Owning shares of United Technologies (UTX) has long been a goal of mine. I like the company’s mix of businesses as well as its long dividend growth history. The stock has made several of my watch lists over the years, but I’ve never added the name to our portfolio. While the S&P 500 has gained ~8% in 2018, shares of United Technology are up 4.5%. Has this slight underperformance relative to the market given us another chance at owning shares of this aerospace and defense company? Let’s find out.
United Technologies is divided into four separate businesses. Pratt & Whitney provides and services engines for both commercial and military jets. The Otis division is a global leader in elevators and escalators. The UTC Climate segment provides heating, ventilation and air conditioning products. The Aerospace division manufactures aerospace and industrial products. United Technologies had more than $60 billion in sales in 2017 and has a current market cap of $106 billion.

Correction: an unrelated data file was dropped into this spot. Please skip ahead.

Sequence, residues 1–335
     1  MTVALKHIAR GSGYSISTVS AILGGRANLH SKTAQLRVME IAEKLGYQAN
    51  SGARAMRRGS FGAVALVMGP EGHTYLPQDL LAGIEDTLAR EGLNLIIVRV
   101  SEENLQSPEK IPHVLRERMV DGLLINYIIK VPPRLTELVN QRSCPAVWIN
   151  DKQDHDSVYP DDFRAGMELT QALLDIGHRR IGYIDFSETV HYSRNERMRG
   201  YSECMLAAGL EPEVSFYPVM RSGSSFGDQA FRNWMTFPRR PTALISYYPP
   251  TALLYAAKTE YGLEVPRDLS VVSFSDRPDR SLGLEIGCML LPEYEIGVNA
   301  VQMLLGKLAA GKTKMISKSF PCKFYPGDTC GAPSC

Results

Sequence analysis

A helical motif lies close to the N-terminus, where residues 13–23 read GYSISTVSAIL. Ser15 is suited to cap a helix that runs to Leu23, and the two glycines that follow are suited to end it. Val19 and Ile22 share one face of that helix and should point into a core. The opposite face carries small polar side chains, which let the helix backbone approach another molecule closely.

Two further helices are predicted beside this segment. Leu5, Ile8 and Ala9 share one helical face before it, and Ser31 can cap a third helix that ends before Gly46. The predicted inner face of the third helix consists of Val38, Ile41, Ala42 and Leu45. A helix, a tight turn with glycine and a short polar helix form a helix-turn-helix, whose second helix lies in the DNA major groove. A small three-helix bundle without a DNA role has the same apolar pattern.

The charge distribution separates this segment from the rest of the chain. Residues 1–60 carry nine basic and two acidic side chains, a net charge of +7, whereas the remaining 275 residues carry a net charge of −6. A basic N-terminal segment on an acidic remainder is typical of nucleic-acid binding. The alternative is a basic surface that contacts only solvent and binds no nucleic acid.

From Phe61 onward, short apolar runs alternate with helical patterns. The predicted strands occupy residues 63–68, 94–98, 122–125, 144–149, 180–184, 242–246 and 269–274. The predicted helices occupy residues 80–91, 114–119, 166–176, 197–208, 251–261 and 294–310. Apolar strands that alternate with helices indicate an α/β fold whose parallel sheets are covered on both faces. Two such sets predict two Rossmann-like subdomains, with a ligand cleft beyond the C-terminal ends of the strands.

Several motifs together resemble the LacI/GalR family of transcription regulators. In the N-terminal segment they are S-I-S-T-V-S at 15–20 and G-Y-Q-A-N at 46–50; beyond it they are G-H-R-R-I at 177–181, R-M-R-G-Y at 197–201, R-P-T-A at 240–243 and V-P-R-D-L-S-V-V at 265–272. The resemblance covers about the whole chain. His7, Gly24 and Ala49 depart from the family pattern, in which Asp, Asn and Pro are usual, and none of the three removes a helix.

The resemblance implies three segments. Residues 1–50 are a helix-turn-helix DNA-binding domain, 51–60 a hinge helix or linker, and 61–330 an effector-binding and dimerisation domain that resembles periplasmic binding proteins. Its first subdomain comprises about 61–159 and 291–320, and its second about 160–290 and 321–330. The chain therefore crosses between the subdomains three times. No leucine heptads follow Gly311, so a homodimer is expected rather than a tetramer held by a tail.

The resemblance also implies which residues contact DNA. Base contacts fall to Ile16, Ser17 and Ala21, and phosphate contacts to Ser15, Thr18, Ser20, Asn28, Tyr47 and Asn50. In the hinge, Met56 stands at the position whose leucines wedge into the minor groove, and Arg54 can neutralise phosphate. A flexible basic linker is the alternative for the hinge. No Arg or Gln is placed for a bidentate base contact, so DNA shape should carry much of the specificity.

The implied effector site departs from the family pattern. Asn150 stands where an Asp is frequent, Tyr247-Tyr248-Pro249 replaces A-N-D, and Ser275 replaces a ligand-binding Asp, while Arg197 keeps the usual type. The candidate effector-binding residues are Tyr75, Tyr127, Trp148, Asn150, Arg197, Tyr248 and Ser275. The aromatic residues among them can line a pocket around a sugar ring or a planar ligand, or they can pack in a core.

United Technologies paid $30 billion to acquire Rockwell Rollins in 2017. This acquisition will diversify the company’s aerospace segment and add roughly $8 billion to sales. The acquisition is likely to close sometime in the third quarter.
Recent Earnings Results
United Technologies most recently released earnings on July 24th. The company earned $1.97 per share during the second quarter.
Source: United Technologies’ Second Quarter Earnings Release, page 2.
United Technologies earned $1.97 during the quarter, a 6.5% increase year over year and a $0.12 beat of the average analysts’ estimate. Revenue increased 9.4% from the second quarter of 2017 to $16.7 billion. This was $440 million above what the market was expecting.
The company produced 6% organic growth during the quarter, the fourth consecutive quarter of at least 5% organic growth. Each of United Technologies’ business segments showed increased sales during the quarter.
Pratt & Whitney saw 16% revenue growth. Large commercial engines saw nearly 50% growth from the prior year. United Technologies’ Geared Turbofans shipments tripled from the second quarter of 2017. United Technologies expects to deliver 740 GTF engines in 2018, almost double 2017’s deliveries. The company expects that they will deliver 2,500 engines over the next three years.